Diction In The Crucible

The Salem witch trials have been a source of fascination for centuries, and Arthur Miller’s The Crucible is one of the most well-known portrayals of the events. In this literary analysis, we’ll take a close look at The Crucible and explore how Miller uses the Salem witch trials to comment on social issues like mass hysteria and McCarthyism.

Salem was a Puritan town in Massachusetts Bay Colony, and in 1692, a group of girls began to exhibit strange behavior that was interpreted as witchcraft. Over the course of the next few months, dozens of people were accused of being witches and put on trial. Nineteen of them were found guilty and executed by hanging.

The Crucible is set in Salem in 1692, and it tells the story of the Salem witch trials from the perspective of John Proctor, a farmer who is accused of being a witch. Miller uses the Salem witch trials to comment on social issues like mass hysteria and McCarthyism.

One of the most notable aspects of The Crucible is the way that Miller depicts the role of fear in Salem. Fear is what drives the Salem witch trials; it’s what leads people to accuse others of witchcraft, and it’s what leads to nineteen innocent people being put to death. Salem was a Puritan town, and Puritans believed that Satan was always lurking, waiting to take over their souls. This belief led to a climate of fear in Salem, and it’s this fear that ultimately causes the Salem witch trials.

Miller also uses the Salem witch trials to comment on McCarthyism, which was a period of time in the 1950s when people were accused of being communists. Like Salem, McCarthyism was driven by fear, and it led to many innocent people being put on trial. Miller’s depiction of the Salem witch trials as a commentary on McCarthyism is particularly effective because it shows how easily mass hysteria can take over a community.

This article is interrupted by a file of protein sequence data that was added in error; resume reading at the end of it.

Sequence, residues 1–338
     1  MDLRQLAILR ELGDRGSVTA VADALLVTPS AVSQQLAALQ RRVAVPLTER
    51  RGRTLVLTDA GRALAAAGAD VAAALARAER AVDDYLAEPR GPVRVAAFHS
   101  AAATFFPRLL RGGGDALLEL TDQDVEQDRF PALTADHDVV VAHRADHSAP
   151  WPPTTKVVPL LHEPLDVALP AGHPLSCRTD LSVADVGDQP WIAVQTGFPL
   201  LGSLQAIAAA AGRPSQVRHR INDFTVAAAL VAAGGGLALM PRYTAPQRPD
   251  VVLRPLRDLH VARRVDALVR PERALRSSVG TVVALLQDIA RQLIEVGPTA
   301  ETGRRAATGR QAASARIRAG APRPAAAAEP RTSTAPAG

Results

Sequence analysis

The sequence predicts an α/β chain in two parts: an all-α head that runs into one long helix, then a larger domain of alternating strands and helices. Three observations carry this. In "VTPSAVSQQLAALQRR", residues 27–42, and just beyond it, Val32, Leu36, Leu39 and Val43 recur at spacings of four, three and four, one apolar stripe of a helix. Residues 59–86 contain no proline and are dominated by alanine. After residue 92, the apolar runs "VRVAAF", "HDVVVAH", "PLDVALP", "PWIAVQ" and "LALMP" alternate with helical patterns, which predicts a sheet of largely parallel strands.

The Crucible is a powerful play that continues to resonate with audiences today. Miller’s exploration of fear, hysteria, and justice is as relevant now as it was during the Salem witch trials.

The Crucible is a wonderful piece of work that uses many forms of syntax, figurative language, and diction to improve its composition. In The Crucible, Miller employs figurative language to emphasize certain thoughts and concepts. To give the narrative a more biblical tone and place it in the past, Miller utilizes words in The Crucible.

Salem is a Puritan town, and the Bible was a very important book to the Puritans. By using diction that is similar to the Bible, Miller is able to connect with the Puritans on a deeper level. Salem is also a town that is known for the Salem witch trials.

The Salem witch trials were a series of hearings and prosecutions of people accused of witchcraft in colonial Massachusetts between February 1692 and May 1693. Miller uses the Salem witch trials as an allegory for the McCarthy hearings, which were a series of hearings held by the United States Senate’s Subcommittee on Investigations (SIC) in 1953 to investigate accusations of communism in America.

In addition to the aforementioned, one of Arthur Miller’s strengths is his syntax. He employs syntax in The Crucible to demonstrate the intellectual capacities of various characters. To further tell the story of the witch trials, Miller combines these three distinct elements.